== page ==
To find out more about Bank Attack or other games in the John Adams range, then you can visit their website and social media on the following channels:

Website - www.johnadams.co.uk
Twitter - @JohnAdams_toys
Facebook - facebook.com/IdealGamesUK
Instagram - @johnadams_toys
YouTube - JohnAdamsToys



*Disclaimer - We were sent this item for the purpose of writing an honest review of the product. All opinions and photographs are my own unless otherwise stated. This post contains an Amazon affiliate link. Video is from the John Adams YouTube channel.

Friday, 11 October 2019

Slap Ninja by Jakks Pacific - A Review

Last night after a rush of homework, driving children to various clubs, making dinner and general tidying up, I had prepared myself for an early night, or simply just relaxing on the sofa and watching television. However, my children had other ideas and my lazy peaceful hour actually resulted in sixty minutes of hilarity, fun and so much laughter that I cried!

Why was this? Well....allow me to introduce Slap Ninja! A brand new game which was sent to us from Jakks Pacific to review. It is suitable for all the family from ages 4+ and requires 3 x AAA batteries which are included. Designed as a game of skill, you must perfect your speed and precision on your quest to become the ultimate ninja champion.


The packaging is simple and you can see the full product on display, which is great for shoppers as you can instantly see exactly what the game is about. There is also a 'try me' function, so you can press the button whilst it is still in the box and listen to some of the audio as well as feel the buzz. My children found this extremely funny before game play even began as the buzzing would make the box move across the table and it was also very loud, much to their delight.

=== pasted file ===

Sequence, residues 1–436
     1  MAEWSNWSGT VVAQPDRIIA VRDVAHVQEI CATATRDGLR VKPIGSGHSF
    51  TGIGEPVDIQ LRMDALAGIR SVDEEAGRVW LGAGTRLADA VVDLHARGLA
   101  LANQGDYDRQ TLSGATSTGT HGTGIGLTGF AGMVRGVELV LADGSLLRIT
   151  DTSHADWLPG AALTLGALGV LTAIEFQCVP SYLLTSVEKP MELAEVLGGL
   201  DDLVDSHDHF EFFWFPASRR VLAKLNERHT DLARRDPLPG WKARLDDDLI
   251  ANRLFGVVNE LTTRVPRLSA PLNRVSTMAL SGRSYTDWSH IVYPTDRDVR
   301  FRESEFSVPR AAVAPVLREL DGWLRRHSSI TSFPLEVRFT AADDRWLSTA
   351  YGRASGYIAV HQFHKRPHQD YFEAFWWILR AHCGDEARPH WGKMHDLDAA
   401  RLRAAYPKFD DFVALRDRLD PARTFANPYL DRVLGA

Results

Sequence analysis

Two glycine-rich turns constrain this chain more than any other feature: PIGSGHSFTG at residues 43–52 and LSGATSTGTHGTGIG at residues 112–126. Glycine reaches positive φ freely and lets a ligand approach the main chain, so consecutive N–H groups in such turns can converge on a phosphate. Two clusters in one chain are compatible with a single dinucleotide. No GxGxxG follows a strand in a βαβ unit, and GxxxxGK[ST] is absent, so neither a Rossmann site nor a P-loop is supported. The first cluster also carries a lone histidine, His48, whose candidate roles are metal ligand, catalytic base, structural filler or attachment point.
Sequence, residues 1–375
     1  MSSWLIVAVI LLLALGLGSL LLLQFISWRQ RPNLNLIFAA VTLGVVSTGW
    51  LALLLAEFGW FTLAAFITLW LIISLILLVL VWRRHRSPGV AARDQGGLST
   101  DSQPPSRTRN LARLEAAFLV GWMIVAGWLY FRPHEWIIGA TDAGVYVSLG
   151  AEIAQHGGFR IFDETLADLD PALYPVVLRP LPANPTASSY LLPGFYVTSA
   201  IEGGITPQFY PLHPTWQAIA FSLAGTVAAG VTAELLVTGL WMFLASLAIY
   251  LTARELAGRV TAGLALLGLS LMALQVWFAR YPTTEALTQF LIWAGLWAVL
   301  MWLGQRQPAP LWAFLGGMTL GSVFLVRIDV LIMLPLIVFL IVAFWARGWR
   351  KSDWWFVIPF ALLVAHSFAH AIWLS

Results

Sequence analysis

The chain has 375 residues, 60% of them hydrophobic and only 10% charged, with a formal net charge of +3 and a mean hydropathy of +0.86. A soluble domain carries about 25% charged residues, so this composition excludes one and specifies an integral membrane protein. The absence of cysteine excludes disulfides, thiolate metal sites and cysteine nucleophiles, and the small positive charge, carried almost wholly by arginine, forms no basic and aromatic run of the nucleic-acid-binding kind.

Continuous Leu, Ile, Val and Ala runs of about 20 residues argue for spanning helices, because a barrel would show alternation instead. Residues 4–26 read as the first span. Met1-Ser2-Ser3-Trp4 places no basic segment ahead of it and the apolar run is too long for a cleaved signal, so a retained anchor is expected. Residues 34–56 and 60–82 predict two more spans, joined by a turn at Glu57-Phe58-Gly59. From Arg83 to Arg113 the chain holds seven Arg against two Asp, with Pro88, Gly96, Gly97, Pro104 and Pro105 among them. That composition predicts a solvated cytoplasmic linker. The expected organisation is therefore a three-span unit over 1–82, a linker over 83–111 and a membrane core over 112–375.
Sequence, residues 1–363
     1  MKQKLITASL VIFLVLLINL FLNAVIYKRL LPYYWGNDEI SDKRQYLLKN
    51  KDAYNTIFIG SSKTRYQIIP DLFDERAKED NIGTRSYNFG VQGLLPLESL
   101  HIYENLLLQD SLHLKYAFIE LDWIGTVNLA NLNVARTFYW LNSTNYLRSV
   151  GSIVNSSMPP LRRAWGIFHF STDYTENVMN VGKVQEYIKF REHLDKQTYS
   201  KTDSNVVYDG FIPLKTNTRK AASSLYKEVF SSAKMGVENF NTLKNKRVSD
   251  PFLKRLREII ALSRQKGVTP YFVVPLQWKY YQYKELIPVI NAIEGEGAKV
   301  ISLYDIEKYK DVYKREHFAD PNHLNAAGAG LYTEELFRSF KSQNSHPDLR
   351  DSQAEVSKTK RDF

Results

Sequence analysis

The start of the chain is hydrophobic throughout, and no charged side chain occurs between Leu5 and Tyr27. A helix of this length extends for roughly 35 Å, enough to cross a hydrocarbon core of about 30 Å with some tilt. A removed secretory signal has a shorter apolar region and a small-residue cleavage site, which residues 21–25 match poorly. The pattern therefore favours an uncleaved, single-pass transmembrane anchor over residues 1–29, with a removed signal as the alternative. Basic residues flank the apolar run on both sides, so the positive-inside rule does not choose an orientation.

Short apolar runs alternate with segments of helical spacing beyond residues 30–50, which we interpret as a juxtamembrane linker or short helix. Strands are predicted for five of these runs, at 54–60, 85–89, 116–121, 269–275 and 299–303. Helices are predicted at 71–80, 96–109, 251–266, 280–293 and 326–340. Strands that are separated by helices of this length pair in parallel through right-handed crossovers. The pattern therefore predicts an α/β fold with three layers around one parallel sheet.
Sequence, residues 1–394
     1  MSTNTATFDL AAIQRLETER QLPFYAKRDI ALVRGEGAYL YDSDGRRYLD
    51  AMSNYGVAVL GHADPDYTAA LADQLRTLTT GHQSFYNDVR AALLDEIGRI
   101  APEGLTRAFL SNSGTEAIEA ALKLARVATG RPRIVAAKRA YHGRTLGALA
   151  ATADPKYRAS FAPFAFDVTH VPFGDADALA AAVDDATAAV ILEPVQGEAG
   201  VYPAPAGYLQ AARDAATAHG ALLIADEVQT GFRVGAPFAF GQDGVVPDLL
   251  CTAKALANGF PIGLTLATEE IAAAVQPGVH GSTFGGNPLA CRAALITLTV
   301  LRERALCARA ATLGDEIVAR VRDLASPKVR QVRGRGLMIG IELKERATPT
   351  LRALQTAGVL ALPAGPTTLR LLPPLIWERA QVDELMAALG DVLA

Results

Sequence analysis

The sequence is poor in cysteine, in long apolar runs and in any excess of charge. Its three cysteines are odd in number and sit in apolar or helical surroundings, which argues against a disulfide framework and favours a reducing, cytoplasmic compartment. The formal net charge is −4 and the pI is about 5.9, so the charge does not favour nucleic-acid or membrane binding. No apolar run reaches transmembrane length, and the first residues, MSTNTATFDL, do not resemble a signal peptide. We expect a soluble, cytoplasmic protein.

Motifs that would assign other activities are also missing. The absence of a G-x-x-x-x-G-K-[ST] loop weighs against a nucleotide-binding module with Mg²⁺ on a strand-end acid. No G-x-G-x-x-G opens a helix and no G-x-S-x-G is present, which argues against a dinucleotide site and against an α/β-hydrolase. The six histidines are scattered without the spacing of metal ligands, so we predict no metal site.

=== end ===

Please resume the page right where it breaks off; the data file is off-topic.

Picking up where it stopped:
The game was easy to remove from the box and was simply a case of tearing some of the box and cutting a couple of plastic ties from various parts that were holding it in place. My only minor complaint with this, is that it is the sort of box that you cannot use to store the game in afterwards. Within less than a minute though, the game was ready to play and my mini ninjas prepared for battle.


Game play is super easy and simply requires two players to sit opposite from one another, with each player placing one hand around their handle. One player is the designated Ninja Student, whilst the other is the Ninja Master. The challenge if you are the student, is to press the red button three times without being slapped and believe me this can get tricky, especially if you have a very competitive Ninja Master in charge of the giant slapping hand.

If the student manages to do this, then the master gets a shock through the controller, however if the master successfully slaps three times, then this shock is delivered to the student instead. Super easy to understand, but not quite so easy to master the skill!


Whilst playing there is music provided, which adds to the tension of the challenge and I personally thought that this was a great idea. It certainly built the suspense as we each took it in turns to take a go of being the student. There are star lights which turn red to help you keep track of the score too, so there are no worries about missing a point.

My children are all extremely competitive and as most parents will know, this can often lead to arguments where games are concerned, but this one just resulted in so much laughter that it was fantastic. It was actually funny to lose, which helped to create such a nice atmosphere during play.


Overall we absolutely loved this game! In short, it is an electronic version of the age old playground game of slaps, but with an added twist and plenty of laughs. I really liked the fact that the game was good to go from the moment you got it out of the box. There was no tricky set up, no having to read through mountains of instructions, you just simply have to place it on your chosen surface and get ready to play. My family found it hilarious and the look on Riley's face when he lost the first round and the handle began to buzz was absolutely priceless. I would happily recommend this game to others and I can see this definitely being a Christmas must-have!

This game is currently available to purchase from Smyths Toys, Amazon and other good retailers.